Lorain: Arrest made in gas station shooting

12:03 AM, Jan 3, 2013   |    comments
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LORAIN -- Wednesday afternoon the man wanted for shooting four people at the Liberty Gas USA was arrested in Elyria after a 24-hour manhunt involving U.S. Marshals, Lorain detectives, narcotics officers, and patrol officers.

Desmen Deupree Noble, 31, of Lorain, is being held in the Lorain City Jail pending his arraignment Thursday.

Four people were shot and one of them has died after an early morning shooting at the Liberty Gas USA gas station on Broadway Avenue at West 25th Street.

One victim, later identified as Herman Seagers, 33, of Lorain, was taken by LifeFlight to MetroHealth Medical Center in Cleveland where he died from his injuries.

Police say the other victims have non-life threatening injuries.  They are identified as Danien Bell, 25; Alan Tate, 34; and Tallis Moore, 33.

Lorain police say Desmen Noble was involved in a confrontation at the Cotton Club prior to the shooting at the gas station.

Lorain Police say this is an ongoing investigation. 

While neighbors who live nearby were shocked to hear of the number of victims, many say crime has been a growing concern in this part of Lorain.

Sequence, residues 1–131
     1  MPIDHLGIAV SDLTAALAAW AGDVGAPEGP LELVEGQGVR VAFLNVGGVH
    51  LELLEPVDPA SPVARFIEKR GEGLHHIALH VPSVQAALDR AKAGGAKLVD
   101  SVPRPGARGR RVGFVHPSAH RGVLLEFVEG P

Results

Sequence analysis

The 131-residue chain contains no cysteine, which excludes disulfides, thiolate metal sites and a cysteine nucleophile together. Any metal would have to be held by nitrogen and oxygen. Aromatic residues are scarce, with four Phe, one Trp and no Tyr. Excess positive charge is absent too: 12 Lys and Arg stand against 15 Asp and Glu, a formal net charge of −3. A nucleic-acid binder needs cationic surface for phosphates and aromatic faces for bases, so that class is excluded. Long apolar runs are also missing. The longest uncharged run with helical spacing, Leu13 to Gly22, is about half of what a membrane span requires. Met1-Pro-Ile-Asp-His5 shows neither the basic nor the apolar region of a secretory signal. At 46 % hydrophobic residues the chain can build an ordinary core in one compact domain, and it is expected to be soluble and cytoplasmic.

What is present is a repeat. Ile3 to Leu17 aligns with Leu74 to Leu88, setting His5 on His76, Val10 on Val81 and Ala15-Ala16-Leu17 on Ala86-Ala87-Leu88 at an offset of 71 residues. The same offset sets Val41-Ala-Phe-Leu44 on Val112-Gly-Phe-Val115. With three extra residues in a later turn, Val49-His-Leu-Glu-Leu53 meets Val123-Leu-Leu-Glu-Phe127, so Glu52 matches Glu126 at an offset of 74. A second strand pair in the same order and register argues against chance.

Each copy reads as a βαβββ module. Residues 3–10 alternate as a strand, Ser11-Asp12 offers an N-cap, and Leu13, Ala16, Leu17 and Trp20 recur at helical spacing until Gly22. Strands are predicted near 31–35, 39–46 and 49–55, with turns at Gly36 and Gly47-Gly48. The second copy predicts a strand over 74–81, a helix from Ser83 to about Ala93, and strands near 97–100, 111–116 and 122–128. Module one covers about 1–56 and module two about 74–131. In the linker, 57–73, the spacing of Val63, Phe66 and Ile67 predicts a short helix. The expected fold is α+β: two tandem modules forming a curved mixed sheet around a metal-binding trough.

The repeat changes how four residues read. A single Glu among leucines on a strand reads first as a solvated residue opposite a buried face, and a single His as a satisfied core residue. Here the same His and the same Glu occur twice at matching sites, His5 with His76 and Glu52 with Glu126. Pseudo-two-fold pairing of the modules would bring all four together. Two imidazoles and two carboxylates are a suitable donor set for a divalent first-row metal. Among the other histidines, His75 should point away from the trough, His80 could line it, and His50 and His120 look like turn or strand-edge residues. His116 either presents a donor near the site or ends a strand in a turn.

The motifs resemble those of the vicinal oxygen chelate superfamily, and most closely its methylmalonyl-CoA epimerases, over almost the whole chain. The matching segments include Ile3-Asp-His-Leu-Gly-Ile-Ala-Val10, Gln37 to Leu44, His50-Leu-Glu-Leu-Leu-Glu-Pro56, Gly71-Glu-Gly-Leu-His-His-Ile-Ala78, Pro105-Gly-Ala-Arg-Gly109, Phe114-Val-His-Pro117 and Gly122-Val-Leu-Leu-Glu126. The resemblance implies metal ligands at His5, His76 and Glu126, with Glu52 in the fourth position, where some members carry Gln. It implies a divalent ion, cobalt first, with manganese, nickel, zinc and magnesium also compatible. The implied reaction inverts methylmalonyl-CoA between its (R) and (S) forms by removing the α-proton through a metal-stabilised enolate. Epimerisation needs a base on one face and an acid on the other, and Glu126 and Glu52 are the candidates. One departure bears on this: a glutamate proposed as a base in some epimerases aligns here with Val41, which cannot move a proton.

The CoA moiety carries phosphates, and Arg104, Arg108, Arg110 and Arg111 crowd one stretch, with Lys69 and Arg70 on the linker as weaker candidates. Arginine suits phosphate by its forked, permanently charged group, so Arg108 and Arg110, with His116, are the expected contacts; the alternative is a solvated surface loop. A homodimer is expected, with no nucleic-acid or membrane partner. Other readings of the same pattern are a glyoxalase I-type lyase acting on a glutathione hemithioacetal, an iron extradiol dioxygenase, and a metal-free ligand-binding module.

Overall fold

"I just don't know how all these kids are getting these weapons. Where are they getting these guns from?" wonders Hilda Sharp.

Her friend Lysia Fenderson says the shooting may have been a drive-by retaliation targeting someone who was not among the victims. She's dismayed that innocent people may have been caught in the crossfire.

"It's just crazy. We are killing ourselves, and all we have are each other," Fenderson said of the violence.

Bishop Dennis Johnson, of Fairfield Christian Center, shares the same feeling.

"I wish I could say that I'm shocked, but I'm not shocked," Bishop Johnson said.

He's concerned that the shooting, whatever the motivation, has a cause rooted deep in societal problems.

"A lot of people, especially our young people, are numb to tragedy like this. We see it forgotten or brushed aside much too often," the pastor said.

Bishop Johnson says it goes back to family values, as well as education and economic concerns in Lorain.

He plans to speak with other pastors, as well as his congregation, about what can be done to curtail the violence.

"We need to look at our social fabric and see just what is needed to help families be just that -- families," Bishop Johnson said.


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